Lynn Stephen — Research Interests
Dr. Stephen is Distinguished Professor of Anthropology and Ethnic Studies at the University of Oregon and director of the Center for Latino/a and Latin American Studies (CLLAS). She is also a co-coordinator for “The Americas in a Globalized World: Linking Diversity and Internationalization.”
Her work has centered on the intersection of culture and politics. Born in Chicago, Illinois she has a particular interest in the ways that political identities articulate with ethnicity, gender, class, and nationalism in relation to local, regional, and national histories, cultural politics, and systems of governance in Latin America. During the past ten years she has added the dimension of migration to her research. She has conducted research in Mexico, El Salvador, Chile, Brazil, and the U.S.
Her newest book is titled Transborder Lives: Indigenous Oaxacans in Mexico, California, and Oregon (March, 2007, Duke University Press). Other recent books include Dissident Women: Gender and Cultural Politics in Chiapas (co-edited with Shannon Speed and Aída Hérnandez Castillo) (University of Texas Press, 2006), and Zapotec Women: Gender, Class, and Ethnicity in Globalized Oaxaca (Duke University Press, 2005). She is the recipient of fellowships from the National Endowment for Humanities, The Center for U.S.-Mexican Studies, the Radcliffe Institute for Advanced Studies at Harvard University and research grants from the National Science Foundation, The Wenner-Gren Foundation for Anthropological Research, The Ford Foundation, and the Inter-American Foundation. In 2007 she received the “Prize for Distinguished Achievement in the Critical Study of North America” from the Society for the Anthropology of North America. She has a strong commitment to collaborative research and to projects that produce findings that are accessible to the wider public. She has recently conducted research on identity formation and the political and civic participation among Mexican immigrant youth that is ongoing and has two other research projects focused on the social movement of 2006 in Oaxaca, Mexico and Latino history in Oregon and the Northwestern U.S.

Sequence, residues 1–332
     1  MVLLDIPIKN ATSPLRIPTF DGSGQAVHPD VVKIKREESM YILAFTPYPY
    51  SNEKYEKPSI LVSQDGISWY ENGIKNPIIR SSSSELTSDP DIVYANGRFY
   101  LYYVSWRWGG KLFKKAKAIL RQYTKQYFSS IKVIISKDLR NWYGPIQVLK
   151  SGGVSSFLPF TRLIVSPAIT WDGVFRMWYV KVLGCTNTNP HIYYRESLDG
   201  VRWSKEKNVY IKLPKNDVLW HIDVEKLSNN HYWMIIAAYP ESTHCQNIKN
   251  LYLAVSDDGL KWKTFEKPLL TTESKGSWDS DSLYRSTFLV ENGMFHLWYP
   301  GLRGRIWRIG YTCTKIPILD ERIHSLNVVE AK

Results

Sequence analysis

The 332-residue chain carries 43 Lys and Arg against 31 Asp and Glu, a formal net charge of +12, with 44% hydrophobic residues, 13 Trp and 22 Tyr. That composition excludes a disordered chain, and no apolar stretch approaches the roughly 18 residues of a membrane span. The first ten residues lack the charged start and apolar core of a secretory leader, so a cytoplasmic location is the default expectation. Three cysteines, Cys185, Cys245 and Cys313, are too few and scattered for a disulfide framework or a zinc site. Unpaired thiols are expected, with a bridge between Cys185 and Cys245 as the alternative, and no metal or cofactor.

“Latino Roots in Lane County,” done in collaboration with the Lane County Historical Museum, Latino community consultants, and several of her graduate students, focuses on the oral histories of the diverse group of Latino immigrants and migrants found in Lane County. The project will result in a museum exhibit, oral history texts, and a video.
“Making Rights a Reality: The Oaxaca Social Movement, 2006 to the present,” is a digital and textual ethnography project which explores acts of testimony and their links to global discourses of human, women’s, and Indigenous rights in the southern Mexican state of Oaxaca. The testimonials here are urgent oral accounts of bearing witness to wrongs committed against the speakers. Broadcast on the radio, television, at public demonstrations, and in the street, testimonial rights claiming in Oaxaca repositions previously excluded speakers as active citizens. This project centers on a recent and ongoing social movement in Oaxaca, Mexico and the emergence in June, 2006 of the Popular Assembly of the Peoples of Oaxaca (APPO), a coalition of over 300 organizations that effectively ran the city for six months until the Mexican federal police force intervened. This project will result in a book and a public access website featuring video-testimonials of movement participants and observers. The website also includes documents, photographs, posters, and other visual media.